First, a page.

Her most recent Emmy-nominated performance as Latrice Butler, grieving mother of a teenage son who is the victim of a death by auto, hit and run by a group of Jersey City police officers, is a true tour de force and a defining role in a long and treasured career.
Allison Kugel: What drew you to playing Latrice Butler in Seven Seconds?
Regina King: I was actually drawn to the role of [prosecutor] KJ Harper (played by Clare-Hope Ashitey), and [series creator] Veena Sud was sure that she wanted me for the role of Latrice. I liked the pilot script and decided to take that dive into the emotional pool.
Allison Kugel: You play the mother of a teenage boy who is killed by a police officer. What was your creative process in tackling such an intense role?
Regina King: Being a mother myself, and the mother of a black young man, there are certain fears you have that are unique to having a black child in America. You have fears as a parent when your kids are growing up, because you can’t control everything. But there are those experiences that are specific to black children that are not the same for others. You experience a bit of it, yourself, as a child growing up in America. Unfortunately, it’s our culture and something you grow up with. You then carry that perspective with you throughout your life. So, I had that going into this role. I also spoke to a mother whose son was murdered by a police officer. Hearing her pain up close and personal, and her feeling safe enough to share it with me, I would say that combination of things was how Latrice was birthed into Seven Seconds.
Allison Kugel: Is the story a fictional account or based on true events?
Regina King: It was based on the truth as far as the regard for black American kids and the law, and how they are regarded in America. That part of it is true, of course. So many examples have had similar outcomes to this story, but it was not taken from one specific person’s story.
Allison Kugel: While you were shooting Seven Seconds, did you think about the parents of Trayvon Martin, Philando Castile, Michael Brown, Tamir Rice and so many young men who’ve lost their lives in similar circumstances? And did you feel a responsibility to reflect these parents’ pain in your performance?
Regina King: There was a responsibility to accurately portray their pain, their lives, and their stories, absolutely.
Allison Kugel: Do you think a series like Seven Seconds has the power to impact hearts and minds for change, or to simply reflect what is going on in society?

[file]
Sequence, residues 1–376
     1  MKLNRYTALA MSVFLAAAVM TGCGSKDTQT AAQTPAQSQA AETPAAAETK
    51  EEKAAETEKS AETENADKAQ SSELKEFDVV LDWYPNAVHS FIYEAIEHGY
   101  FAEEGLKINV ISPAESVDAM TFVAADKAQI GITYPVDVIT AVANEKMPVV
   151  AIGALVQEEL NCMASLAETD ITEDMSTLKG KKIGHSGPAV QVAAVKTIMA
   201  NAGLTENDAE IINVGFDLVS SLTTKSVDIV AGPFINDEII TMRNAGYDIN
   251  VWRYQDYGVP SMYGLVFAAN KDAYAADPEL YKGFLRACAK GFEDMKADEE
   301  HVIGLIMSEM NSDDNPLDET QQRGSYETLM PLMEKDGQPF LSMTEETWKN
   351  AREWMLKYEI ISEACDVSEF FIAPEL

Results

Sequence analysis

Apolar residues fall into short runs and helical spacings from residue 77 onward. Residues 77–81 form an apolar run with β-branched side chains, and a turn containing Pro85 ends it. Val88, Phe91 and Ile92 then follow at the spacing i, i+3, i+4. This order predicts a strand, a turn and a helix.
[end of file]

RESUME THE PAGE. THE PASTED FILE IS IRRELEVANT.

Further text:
Regina King: I think both. What’s reflective for me is not reflective for you. Seeing it in a television show or in a movie creates an opportunity for each of us to see the other’s perspective. I feel that the series American Crime (the ABC series for which King won an Emmy) was very similar in that way.
Allison Kugel: Do you take a role like this home with you?
Regina King: I tried not to take it home with me. But again, a bit of this lives with you. It is the narrative of a part of the fabric of what America is. Unfortunately, you are always living it. It took a lot out of me; I’ll be honest. It was the closest to an experiential role I’ve ever had. I’ve known people who have been victims of police brutality, but no one who was closer than a friend or a distant family member. Because it was a friend or a distant family member, I wasn’t with them in their day-to-day struggle of what that experience brings. You go through life hoping that you never personally have an experience like that, but you know that the odds are greater than not that you will, because of who you are. It’s crazy to even say this, but you feel blessed or lucky that your child has made it to twenty-two (King is referring to her 22-year-old son, Ian).
Allison Kugel: What is so remarkably upsetting about your statement is that even if you are regarded by society as successful, you are thanking God that your son has made it to the age of twenty-two.
Regina King: Made it to twenty-two without having a criminal record, and without having an experience with the police where you may not survive; you may not come home. Unfortunately, that is something you feel gratitude for. He has had an experience with the police pulling him over, and him having to sit down on the curb. He was let go after they ran his license plate and his ID. He was pulled over for being nineteen and driving his girlfriend home. That’s not a normal reason to be pulled over.
Allison Kugel: Let’s talk about your most recent Emmy nomination for Seven Seconds. Now that you have an Emmy win from 2015’s American Crime, is the pressure off somewhat for this upcoming ceremony, or are the nervous butterflies still there? And what’s the feeling in your body when you’re sitting there listening to the names of the nominees being called out?